St. Stephen and St. Lawrence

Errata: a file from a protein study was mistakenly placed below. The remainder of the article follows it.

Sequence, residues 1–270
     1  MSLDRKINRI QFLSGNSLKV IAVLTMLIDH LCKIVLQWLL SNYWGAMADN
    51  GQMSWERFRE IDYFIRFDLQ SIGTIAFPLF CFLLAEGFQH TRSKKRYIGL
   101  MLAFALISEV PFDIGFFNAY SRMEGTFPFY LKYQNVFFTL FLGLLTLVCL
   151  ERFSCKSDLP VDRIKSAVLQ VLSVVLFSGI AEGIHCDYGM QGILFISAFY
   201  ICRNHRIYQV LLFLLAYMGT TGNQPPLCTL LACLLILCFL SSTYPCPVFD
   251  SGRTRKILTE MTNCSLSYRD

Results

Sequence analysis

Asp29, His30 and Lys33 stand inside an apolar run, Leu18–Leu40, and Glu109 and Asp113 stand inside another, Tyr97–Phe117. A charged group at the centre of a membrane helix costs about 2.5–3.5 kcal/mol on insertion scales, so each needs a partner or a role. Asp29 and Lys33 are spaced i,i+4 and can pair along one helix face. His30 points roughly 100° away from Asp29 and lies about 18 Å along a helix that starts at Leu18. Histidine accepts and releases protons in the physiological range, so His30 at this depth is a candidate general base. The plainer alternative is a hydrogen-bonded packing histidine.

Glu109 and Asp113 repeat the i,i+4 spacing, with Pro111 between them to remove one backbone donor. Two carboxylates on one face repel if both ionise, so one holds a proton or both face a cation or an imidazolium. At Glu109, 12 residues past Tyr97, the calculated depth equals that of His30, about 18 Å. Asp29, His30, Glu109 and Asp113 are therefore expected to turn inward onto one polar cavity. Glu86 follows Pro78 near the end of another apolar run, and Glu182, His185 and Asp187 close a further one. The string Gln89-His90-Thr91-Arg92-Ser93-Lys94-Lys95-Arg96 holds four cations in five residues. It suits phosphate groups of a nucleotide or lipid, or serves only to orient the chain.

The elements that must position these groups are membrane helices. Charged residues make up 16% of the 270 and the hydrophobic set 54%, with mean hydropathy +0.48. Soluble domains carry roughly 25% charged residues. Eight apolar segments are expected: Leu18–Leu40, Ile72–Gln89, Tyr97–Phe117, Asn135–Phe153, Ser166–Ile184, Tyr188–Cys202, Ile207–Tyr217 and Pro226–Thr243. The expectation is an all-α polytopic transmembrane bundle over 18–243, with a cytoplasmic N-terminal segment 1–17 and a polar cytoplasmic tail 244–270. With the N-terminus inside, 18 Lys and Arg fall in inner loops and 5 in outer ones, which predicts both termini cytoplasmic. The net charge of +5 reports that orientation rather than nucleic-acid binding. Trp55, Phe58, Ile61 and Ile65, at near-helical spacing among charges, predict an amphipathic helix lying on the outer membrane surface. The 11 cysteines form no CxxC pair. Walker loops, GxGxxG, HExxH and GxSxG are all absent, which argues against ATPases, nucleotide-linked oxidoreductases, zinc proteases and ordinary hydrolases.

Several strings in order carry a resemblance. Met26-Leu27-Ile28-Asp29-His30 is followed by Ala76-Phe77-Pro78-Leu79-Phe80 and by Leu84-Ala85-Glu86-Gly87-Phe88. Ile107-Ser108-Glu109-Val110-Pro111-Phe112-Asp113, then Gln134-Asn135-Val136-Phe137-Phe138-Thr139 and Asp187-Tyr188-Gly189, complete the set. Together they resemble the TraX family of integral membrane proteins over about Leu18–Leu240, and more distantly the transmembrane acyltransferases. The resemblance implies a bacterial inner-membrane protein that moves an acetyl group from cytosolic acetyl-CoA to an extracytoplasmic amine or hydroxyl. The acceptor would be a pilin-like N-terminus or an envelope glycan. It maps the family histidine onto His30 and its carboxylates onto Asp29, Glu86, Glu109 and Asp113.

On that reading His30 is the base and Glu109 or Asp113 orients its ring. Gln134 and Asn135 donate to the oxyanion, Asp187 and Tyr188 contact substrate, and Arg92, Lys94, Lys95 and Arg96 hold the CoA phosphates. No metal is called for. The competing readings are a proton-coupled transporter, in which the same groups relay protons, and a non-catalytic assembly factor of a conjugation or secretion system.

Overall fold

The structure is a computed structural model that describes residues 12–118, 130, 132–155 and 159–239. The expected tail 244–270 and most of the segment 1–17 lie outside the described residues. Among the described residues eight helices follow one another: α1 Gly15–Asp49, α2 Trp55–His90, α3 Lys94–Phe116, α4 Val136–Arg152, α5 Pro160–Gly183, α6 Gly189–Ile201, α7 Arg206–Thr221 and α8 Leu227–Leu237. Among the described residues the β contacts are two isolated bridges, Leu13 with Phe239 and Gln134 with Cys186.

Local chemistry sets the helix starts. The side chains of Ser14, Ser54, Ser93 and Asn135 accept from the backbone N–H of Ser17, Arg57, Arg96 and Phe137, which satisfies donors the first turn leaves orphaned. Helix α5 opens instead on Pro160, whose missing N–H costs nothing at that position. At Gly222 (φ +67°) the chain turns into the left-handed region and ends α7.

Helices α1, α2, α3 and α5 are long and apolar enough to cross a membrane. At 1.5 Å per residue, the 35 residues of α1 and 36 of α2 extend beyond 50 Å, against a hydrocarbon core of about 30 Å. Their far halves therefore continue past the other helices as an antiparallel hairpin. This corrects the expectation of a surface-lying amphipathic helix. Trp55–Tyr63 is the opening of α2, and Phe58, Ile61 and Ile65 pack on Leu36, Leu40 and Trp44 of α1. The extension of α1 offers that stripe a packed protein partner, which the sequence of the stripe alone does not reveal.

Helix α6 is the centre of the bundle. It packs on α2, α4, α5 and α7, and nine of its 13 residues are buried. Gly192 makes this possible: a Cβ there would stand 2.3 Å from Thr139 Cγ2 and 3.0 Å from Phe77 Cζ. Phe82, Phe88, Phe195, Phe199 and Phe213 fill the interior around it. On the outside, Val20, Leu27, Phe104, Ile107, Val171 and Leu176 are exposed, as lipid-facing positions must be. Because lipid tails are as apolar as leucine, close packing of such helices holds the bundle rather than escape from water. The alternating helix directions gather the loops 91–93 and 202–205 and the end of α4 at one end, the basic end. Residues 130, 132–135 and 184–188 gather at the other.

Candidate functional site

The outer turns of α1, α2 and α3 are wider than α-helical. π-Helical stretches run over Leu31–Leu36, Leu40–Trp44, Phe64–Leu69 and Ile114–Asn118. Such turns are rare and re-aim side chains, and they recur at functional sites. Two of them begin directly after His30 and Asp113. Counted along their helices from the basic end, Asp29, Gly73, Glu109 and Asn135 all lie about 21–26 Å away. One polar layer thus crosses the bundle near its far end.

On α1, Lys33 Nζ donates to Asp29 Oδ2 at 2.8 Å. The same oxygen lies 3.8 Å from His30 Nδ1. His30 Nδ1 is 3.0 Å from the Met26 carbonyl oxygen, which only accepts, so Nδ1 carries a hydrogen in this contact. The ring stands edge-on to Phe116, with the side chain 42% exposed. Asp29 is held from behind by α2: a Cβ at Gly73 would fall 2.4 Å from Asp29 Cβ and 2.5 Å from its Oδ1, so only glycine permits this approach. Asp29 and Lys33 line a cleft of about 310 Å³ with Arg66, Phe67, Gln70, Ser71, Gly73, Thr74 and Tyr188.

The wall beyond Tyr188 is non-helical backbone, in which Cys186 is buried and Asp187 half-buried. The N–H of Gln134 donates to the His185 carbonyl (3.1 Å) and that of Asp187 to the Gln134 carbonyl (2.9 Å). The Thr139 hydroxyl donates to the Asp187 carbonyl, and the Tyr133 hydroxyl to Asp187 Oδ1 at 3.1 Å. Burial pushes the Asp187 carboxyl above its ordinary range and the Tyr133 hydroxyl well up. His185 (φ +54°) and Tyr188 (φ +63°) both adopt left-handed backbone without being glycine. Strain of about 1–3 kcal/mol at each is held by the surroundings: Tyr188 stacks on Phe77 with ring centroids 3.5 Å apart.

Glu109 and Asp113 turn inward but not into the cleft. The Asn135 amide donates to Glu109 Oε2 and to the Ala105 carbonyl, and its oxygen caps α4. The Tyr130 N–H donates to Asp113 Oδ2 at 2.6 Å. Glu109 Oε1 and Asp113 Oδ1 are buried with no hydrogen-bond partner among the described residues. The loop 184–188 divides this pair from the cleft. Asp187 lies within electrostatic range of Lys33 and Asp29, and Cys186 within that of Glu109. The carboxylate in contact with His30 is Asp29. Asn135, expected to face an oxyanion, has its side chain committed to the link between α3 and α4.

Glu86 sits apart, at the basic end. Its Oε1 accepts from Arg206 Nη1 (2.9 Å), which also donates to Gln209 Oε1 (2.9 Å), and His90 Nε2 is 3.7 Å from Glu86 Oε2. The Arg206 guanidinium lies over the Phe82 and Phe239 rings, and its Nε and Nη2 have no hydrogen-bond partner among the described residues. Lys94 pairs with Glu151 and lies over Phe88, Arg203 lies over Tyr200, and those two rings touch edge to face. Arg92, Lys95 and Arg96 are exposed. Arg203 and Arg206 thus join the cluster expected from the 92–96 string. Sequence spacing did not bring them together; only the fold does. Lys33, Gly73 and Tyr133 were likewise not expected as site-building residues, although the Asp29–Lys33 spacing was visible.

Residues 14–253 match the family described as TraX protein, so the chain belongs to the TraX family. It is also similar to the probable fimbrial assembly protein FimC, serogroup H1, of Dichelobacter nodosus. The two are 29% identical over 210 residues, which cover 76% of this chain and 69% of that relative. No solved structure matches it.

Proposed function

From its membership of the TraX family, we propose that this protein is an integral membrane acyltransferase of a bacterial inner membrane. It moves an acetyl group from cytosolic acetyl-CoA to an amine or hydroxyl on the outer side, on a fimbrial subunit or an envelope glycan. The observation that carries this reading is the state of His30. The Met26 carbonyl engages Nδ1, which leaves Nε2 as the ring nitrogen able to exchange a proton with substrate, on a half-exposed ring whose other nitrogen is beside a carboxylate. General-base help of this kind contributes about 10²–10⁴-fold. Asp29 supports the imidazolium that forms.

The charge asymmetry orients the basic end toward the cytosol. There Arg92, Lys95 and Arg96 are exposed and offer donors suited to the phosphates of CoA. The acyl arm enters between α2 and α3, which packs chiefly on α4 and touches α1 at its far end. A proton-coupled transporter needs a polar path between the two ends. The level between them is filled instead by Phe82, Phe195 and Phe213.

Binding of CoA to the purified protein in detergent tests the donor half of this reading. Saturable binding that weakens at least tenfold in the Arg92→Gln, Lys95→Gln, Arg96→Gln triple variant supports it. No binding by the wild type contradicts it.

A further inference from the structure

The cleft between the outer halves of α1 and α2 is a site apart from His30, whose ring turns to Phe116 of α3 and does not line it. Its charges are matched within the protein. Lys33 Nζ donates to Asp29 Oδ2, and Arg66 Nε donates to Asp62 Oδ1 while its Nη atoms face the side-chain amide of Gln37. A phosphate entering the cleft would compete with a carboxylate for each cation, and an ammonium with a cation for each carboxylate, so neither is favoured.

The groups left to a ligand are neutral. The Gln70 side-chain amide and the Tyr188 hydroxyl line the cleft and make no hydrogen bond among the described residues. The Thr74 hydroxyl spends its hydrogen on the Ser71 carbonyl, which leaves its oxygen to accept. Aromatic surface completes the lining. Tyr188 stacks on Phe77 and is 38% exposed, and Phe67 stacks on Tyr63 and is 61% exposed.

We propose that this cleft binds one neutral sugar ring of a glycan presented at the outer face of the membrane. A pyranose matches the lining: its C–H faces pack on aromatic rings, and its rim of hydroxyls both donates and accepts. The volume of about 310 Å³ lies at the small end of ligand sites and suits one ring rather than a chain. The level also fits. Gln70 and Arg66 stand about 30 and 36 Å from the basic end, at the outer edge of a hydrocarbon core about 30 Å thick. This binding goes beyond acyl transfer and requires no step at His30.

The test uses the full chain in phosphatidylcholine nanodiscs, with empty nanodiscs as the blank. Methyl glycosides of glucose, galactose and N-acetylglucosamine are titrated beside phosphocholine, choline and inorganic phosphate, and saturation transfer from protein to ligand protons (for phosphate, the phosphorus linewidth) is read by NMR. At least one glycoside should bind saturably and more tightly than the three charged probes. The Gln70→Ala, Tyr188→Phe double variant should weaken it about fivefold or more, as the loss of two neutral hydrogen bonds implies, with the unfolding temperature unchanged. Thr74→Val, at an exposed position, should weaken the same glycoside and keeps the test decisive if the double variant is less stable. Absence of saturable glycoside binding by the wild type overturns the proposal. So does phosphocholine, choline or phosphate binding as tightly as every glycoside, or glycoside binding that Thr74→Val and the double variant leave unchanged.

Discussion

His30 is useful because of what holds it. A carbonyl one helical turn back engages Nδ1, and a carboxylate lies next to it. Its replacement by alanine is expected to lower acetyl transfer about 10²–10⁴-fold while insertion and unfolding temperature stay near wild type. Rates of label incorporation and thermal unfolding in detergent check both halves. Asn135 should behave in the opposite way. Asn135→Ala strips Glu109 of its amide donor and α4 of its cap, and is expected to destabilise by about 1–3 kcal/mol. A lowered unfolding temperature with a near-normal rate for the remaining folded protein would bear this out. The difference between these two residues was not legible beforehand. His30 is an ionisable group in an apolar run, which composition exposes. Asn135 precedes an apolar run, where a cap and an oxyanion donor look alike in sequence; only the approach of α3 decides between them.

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When Brunelleschi designed this chapel, a famous monument of Renaissance architecture, he may have intended the circle of grey stone in the lunettes and spandrels, frieze, and niche shaped compartments below to be empty, grey shapes drawn on a white wall, but the Medici commissioned Donatello to fill them with partially coloured stucco relief sculptures. This relief and one other of two saints, and the four roundels with the evangelists (St. Mark, St. Matthew, St. Luke, and St. John) in the lunettes were executed predominantly in white stucco, set against a blue ground. Stucco was an ancient sculptural medium, described at length in Pliny's well-known account and still visible in the Renaissance in the coliseum and other ruins. Fifteenth-century sculptures in stucco are almost always made with molds, but technical examination has demonstrated that here instead Donatello worked directly in situ, building up the softer medium on top of nails driven into the wall, modelling it while wet, and then incising details and adding the blue to the backgrounds of the dry sculptures. The white parts have a thin layer of white oil paint, with selective gilding. This must have been added soon after the work was completed, as there is no atmospheric accumulation between the stucco and the white oil paint, but the paint obscures some of the details and so may not have been Donatello's original intention. The idea of using a limited palette of a few colours is also discussed in ancient texts and would be known from ancient cameos, which were popular for collectors in the period, including the Medici. These four roundels, along with another four in the spandrels and two larger reliefs of pairs of saints below were made by Donatello (probably with assistants) from 1428 (when Brunelleschi completed the architecture of the chapel ) until 1443. Specifically, this relief was likely made in around 1435. The corresponding relief of Saints Cosmas and Damian on the other side of the wall is executed in a slighly different technique and has been posited to be by a different artist. (The frieze with cherub heads is of painted terracotta, and also seems to be by a different artist.) Photograph(s) licensed under a Creative Commons Attribution 4.0 International License.